In the eye of the storm
PETA KROST MAUNDER
I guess this is because until now, the community was mostly vigilant and careful, and we didn’t think we would really be harmed by it. But many of us got tired of the stress of lockdown, and began getting lax and taking chances that were unnecessary. And many of us didn’t take those chances, and just so happened to be related to someone who may have contracted the virus unwittingly and passed it on.
Let me say at the outset, there is no blame here. I don’t believe that there is one single person in our community or in the greater society who wants to get sick or make someone else sick. It’s that simple. Nobody, even if they did decide to go to their best friends for a Shabbos lunch last week, did so with bad intentions. They were understandably sick and tired of lockdown. We all are.
Others decided that after all this time in isolation, what harm could one poker night do? Well, it clearly can and did do harm.
The Linksfield Clinic has now had to open a fourth COVID-19 ward, and our doctors are snowed under with people testing positive and needing help. The numbers that are coming back positive within and without our community are simply overwhelming. While many are asymptomatic and others a little sick, some are extremely ill.
Hatzolah, which has now started a special service to help COVID-19 patients who are at home, is experiencing a doubling in numbers every day. And it’s not even getting close to all those in need.
Is it too late to start taking extra precautions? As long as you are still healthy, then it absolutely isn’t too late. Right now is the time to stop taking any more risks.
And, if you have coronavirus, there is nothing to be ashamed of. Tell everyone, so that if there is any chance that you may have infected someone, they can be tested and act on it. There is no shame in getting flu, so why is there shame in getting this coronavirus? There is no shame in getting sick. Anyone who is going to shame you should be ashamed of themselves. The only way to stop the spread of this virus is to stop taking chances and to speak out if you have the virus.
This week, a certain school outside of the community sent an entire grade home for two weeks because one of the children in that grade tested positive for the virus. The child concerned wasn’t identified because, as the principal said in the late-night message, she didn’t want the child or his family to be stigmatised. It sounded noble. However, every one of those healthy children who were sent home to continue online learning has a family, including perhaps brothers and sisters at other schools.
So, where does that leave the family and the children at other schools? Do all the children have to stay home because the child at this school was infected? What of parents who go out to work? Could they be at risk of contracting or transmitting the virus? Who can tell, because without knowing who has the virus, there is no way of knowing if the other 30 to 60 children spent any time with him or her. If we knew who the child was, we could offer support to that family, and clarify which other children are at risk.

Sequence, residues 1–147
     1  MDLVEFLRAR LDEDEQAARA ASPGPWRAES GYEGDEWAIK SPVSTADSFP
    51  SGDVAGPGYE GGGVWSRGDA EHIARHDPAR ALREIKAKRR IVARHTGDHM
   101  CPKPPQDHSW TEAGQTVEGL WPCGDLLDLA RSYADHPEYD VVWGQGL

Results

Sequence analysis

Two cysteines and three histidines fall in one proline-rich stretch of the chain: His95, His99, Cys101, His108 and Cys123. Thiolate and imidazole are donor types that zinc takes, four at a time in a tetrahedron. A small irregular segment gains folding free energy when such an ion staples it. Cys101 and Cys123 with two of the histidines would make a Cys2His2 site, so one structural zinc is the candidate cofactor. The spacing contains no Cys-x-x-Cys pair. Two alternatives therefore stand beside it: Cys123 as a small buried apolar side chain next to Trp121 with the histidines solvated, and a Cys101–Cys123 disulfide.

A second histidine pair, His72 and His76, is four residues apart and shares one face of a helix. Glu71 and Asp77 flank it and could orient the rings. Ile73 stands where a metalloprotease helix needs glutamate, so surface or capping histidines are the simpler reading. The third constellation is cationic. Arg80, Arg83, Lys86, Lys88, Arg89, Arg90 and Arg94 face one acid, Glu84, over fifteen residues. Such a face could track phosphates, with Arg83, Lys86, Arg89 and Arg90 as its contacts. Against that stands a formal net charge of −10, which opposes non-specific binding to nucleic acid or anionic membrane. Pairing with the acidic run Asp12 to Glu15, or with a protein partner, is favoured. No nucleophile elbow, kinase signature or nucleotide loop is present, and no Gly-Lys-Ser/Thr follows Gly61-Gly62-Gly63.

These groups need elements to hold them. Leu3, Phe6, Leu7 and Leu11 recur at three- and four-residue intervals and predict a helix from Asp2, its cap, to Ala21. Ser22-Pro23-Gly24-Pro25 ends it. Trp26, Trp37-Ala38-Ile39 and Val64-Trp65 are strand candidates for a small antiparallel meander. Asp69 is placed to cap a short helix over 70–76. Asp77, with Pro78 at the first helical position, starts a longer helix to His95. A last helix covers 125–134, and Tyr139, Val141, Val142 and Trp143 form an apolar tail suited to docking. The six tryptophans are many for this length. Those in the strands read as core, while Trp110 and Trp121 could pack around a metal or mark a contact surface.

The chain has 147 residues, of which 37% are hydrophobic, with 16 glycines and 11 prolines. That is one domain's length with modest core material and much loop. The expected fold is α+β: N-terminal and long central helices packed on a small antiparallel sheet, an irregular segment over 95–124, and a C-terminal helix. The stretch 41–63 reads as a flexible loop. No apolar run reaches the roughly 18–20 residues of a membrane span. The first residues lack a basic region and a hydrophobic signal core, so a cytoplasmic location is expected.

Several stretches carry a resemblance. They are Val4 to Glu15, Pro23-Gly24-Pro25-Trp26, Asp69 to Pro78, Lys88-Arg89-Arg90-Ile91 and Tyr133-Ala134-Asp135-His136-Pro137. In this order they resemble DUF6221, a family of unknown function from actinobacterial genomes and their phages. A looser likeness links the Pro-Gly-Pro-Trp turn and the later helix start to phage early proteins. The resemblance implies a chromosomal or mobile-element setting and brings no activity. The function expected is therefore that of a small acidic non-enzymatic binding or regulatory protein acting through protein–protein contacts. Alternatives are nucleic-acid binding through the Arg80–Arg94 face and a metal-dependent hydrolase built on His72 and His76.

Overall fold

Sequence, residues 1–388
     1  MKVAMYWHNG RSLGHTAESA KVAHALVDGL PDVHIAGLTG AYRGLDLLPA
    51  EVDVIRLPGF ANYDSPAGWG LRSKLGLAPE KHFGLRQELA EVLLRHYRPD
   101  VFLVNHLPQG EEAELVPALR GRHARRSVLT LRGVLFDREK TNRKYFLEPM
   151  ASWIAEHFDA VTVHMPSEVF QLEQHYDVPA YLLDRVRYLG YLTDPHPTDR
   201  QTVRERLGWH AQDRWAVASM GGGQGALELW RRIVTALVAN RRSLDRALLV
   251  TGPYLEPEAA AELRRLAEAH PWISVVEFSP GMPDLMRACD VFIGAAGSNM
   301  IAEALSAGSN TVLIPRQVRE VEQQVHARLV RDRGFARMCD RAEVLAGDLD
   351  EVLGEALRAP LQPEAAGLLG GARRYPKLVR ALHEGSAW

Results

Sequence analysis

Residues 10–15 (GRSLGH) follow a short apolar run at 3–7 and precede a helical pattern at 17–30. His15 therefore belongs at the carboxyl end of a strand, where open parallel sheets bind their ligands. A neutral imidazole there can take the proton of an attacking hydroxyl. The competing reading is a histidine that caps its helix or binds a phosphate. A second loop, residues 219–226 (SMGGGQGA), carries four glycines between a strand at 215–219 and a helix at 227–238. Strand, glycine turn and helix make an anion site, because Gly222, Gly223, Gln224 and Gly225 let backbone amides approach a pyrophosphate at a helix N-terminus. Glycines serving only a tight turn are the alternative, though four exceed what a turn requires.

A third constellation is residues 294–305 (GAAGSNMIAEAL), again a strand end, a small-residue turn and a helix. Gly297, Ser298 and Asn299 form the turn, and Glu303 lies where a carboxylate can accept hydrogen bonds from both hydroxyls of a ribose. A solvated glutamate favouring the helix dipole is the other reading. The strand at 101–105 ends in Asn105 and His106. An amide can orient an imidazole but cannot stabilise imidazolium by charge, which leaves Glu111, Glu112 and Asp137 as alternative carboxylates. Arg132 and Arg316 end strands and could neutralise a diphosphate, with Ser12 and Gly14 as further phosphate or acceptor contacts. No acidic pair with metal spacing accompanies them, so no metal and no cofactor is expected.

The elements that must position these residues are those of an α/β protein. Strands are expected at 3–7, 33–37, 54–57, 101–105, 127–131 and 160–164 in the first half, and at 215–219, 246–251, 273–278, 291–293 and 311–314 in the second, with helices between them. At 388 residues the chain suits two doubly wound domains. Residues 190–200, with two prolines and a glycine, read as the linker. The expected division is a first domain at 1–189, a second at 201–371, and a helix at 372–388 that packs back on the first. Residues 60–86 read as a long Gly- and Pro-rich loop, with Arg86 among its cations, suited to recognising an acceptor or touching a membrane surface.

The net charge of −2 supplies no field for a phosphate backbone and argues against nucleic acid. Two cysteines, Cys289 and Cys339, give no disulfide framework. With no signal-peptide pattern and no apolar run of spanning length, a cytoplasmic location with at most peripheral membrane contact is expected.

I don’t believe there is anything noble about keeping COVID-19 a secret, and there is nothing to be ashamed of in getting it. Surely, with so many of our community and people we know contracting the virus, this is blatantly clear.
I always believe that you should be ashamed of something you do with bad intentions. If you purposely harm someone or damage something, you should be ashamed. But getting sick from a virus that is invisible and undiscerning is nothing to be ashamed of. Nobody should be stigmatised because of getting sick.
Meanwhile, as the numbers of infected are stacking up, there is so much to be proud of in our community.
First, I know we have been quite tough on the proposals for opening shuls, but clearly the chief rabbi has found the best solution. Through deep consultation with some of the country’s top experts – who happen to be shul-going members of the community – he has decided not to rush opening shuls until it’s actually safe to do so.
He has also put in place a team of people to manage the return when it happens.
The action of our community since the pandemic hit South Africa has been incredible. The leadership ensured that our schools closed and then our shuls, long before other communities and the government acted.
Our communal leadership has been on top of safeguarding our community from economic, medical, and social damage. And this week, once again, they gathered to find ways to ensure that we stop taking risks, and maintain our own safety and security.
It makes me feel confident to know that we are so united as a community in trying to survive this pandemic, no matter what it throws at us.
Let’s discard any stigmas, protect each other, and follow the guidance of those in the know to ensure that we make it safely to the other side.
Stay safe, and Shabbat Shalom!